Tiny, ramshackle Bradley’s is part of the London drinker’s rite of passage. Stumble down the staircase and stare at anyone with a seat in a bid to intimidate them into giving up a bit of room. Then get drunk on expensive Spanish lager and sing along to ’60s classics on the famous jukebox. An institution.
This central spectacular in the heart of Soho is one of a roster of Brewdog branches in every corner of town. It carries the faux-punk look sported at other bars, and there are no surprises in the craft beer selection, either – it’s typically great, a mix of the brewery’s range and special guest stars.
This is still branded Norman’s Coach & Horses after the legendary landlord, Norman Balon. But the old bugger’s gone now and it’s rapidly turning into – shudder – a young person’s pub. Regular sing-songs with a piano accompaniment provide welcome lo-fi entertainment. Real ales are usually well kept.
One of the Craft Beer Co chain with an astonishing amount of beer on offer – 30 keg lines, 15 cask pumps and actual hundreds of cans and bottles. Expect to find the bar quite busy as a result, with hop-heads browsing the selection and asking for advice from expert staff/
In Covent Garden you have to battle your way into pubs, although in the case of this Endell Street fixture it’ll be through the shrubbery. The Cross Keys is probably London’s most fascinating pub for bric-a-brac. As well as pop curios, there are miniature portraits of PMs, unattributed Victorian oil paintings, diving helmets, stuffed fish and a brass privy.
Small, brilliant Victorian drinking hole. Admire the wonderful green tile-work and the Victorian glass. This is an ale house, so drink whatever the beer of the week is – there are four on pump and they change regularly.
Charles de Gaulle used the pub as a workplace during World War II; Dylan Thomas and Francis Bacon both drank here… the list goes on. ‘The French’ is small, memento-filled, and very crowded when the place is busy. You may end up joining the regulars on the pavement outside.
A former Camra pub of the year, the Harp is the closest thing you’ll get to a local in Covent Garden. The dedication to cellar craft means the full-bellied ale-spotter is well represented among the crowd, but there are often a fair few tourists delighted to have found somewhere with real character among the neon steakhouses and chains.
This bar’s tiny size, combined with its cracking range of beer and office-friendly location, makes drinking here a bit of a scrum. But force your way to the bar and you’re greeted with a tantalising array of ales to make the squash worth it – the Whippet is draught-only, which is both bold and brilliant.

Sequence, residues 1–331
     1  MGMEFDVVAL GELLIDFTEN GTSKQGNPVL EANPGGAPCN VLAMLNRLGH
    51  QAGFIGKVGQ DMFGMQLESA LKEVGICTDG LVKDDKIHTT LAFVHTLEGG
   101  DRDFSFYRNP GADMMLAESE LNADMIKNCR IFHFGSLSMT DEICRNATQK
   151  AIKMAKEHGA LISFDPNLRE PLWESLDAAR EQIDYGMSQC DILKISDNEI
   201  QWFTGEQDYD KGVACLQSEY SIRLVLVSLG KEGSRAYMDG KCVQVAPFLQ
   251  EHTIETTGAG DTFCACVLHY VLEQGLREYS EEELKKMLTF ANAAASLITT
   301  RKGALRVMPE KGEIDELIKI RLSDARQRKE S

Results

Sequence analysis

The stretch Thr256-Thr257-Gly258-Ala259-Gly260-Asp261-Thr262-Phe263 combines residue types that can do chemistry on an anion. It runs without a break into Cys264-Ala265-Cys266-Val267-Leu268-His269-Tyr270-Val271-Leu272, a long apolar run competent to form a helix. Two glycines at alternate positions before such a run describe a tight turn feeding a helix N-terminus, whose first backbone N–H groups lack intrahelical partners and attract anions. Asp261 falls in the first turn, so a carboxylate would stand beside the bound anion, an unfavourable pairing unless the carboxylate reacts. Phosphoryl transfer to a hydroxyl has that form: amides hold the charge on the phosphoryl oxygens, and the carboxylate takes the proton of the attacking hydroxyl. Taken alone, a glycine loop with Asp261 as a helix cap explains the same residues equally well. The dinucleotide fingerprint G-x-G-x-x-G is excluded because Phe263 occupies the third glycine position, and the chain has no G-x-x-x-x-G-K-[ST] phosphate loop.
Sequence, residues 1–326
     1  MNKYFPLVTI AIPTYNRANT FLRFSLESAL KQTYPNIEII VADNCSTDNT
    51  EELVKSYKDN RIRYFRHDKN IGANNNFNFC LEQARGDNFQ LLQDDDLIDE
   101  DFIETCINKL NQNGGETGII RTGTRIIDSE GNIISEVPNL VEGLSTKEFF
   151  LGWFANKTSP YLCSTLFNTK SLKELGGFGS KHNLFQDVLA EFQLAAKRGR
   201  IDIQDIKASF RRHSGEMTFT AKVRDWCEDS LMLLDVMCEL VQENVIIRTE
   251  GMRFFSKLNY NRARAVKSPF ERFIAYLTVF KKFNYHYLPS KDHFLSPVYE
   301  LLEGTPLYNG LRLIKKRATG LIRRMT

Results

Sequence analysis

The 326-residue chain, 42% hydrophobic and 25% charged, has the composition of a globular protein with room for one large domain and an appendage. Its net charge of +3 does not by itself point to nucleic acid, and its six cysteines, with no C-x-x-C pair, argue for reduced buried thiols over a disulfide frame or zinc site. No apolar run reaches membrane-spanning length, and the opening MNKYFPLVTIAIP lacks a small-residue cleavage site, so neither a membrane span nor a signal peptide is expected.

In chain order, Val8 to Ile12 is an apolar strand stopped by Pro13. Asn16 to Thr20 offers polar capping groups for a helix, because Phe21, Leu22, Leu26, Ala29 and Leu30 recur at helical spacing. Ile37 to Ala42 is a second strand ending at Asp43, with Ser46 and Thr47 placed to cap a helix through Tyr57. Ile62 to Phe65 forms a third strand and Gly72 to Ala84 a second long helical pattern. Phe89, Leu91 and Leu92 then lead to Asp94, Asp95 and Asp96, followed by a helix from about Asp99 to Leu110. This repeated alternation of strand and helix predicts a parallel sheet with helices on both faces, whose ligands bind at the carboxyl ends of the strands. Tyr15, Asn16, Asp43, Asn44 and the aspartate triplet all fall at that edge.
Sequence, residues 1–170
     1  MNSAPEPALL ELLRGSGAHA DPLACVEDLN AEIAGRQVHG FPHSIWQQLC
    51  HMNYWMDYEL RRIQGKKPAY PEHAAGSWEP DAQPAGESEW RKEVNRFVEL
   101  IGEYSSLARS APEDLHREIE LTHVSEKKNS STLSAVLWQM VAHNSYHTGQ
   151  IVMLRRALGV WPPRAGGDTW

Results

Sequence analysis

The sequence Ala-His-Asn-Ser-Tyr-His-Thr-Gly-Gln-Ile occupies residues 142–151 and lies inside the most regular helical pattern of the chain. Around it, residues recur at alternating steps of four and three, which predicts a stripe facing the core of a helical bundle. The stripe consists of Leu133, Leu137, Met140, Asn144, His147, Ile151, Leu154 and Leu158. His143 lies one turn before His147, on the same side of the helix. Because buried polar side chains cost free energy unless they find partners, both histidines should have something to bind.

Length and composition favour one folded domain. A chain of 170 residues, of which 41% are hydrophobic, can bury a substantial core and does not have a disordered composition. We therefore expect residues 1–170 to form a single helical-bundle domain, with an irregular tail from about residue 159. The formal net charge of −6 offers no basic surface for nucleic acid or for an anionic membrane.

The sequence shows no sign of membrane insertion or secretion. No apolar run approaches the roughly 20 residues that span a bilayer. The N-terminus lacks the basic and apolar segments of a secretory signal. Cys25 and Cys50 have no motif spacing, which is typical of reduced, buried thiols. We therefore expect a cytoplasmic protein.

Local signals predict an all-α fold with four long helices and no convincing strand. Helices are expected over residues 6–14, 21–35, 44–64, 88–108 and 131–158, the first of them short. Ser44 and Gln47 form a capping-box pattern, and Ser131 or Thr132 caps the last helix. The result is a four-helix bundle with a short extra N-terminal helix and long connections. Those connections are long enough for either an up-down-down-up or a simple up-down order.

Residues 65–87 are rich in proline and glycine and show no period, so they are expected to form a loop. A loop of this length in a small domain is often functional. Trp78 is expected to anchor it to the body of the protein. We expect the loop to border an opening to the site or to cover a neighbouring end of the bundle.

Everything about this pub says old. Walls are covered in Punch cartoons and the floorboards definitely creak. Peer out of the top-floor window, and you could be in gaslight London. In summer, expect to see punters lining the pavement directly outside the pub.
The Lyric is a longstanding favourite, not least because its location near a fantastically crowded part of London’s West End. The Victorian pub’s 18 taps pour out reliable pints including Camden Hells and Brooklyn Lager, as well as more unusual fare from the likes of Magic Rock.
A West End pub that’s kind of theatrical, Mr Fogg’s Tavern is inspired by the protagonist of Jules Verne’s adventure novel ‘Around the World in 80 Days’, and it’s overflowing with Phileas Fogg regalia. There’s an extensive drinks list, but real ales are the crowd-pleasers here.
It's not a coffee house, it's a pub. And a good-looking one, too: vintage ads on mirrors, copper kettles and amateur taxidermy pieces adorn every available wall space, and a fire crackles away in the corner. It has an unfussy proper-pubness to it, and pours craft beer on tap from Leyton microbrewery Brodie's.
Probably London’s best-looking pub, the Princess Louise (named after Queen Vic’s fourth daughter) was built in 1872, but its spectacular decor dates to 1891 and is now ‘a monument to the craftsmanship that was taken for granted in the 1890s’, as one pub guide puts it. Go here to experience what it meant to drink in one of London’s gin palaces.
Situated just a few steps away from Bond Street station, The Running Horse is a venerable pub that first opened its doors in 1738, and the wood panelling, attractive fireplace and lived-in furniture certainly give it the feel of a well-established boozer. Chase Distillery are co-owners, so find their tipples on the optics for posh drinking that suits this well-heeled ’hood.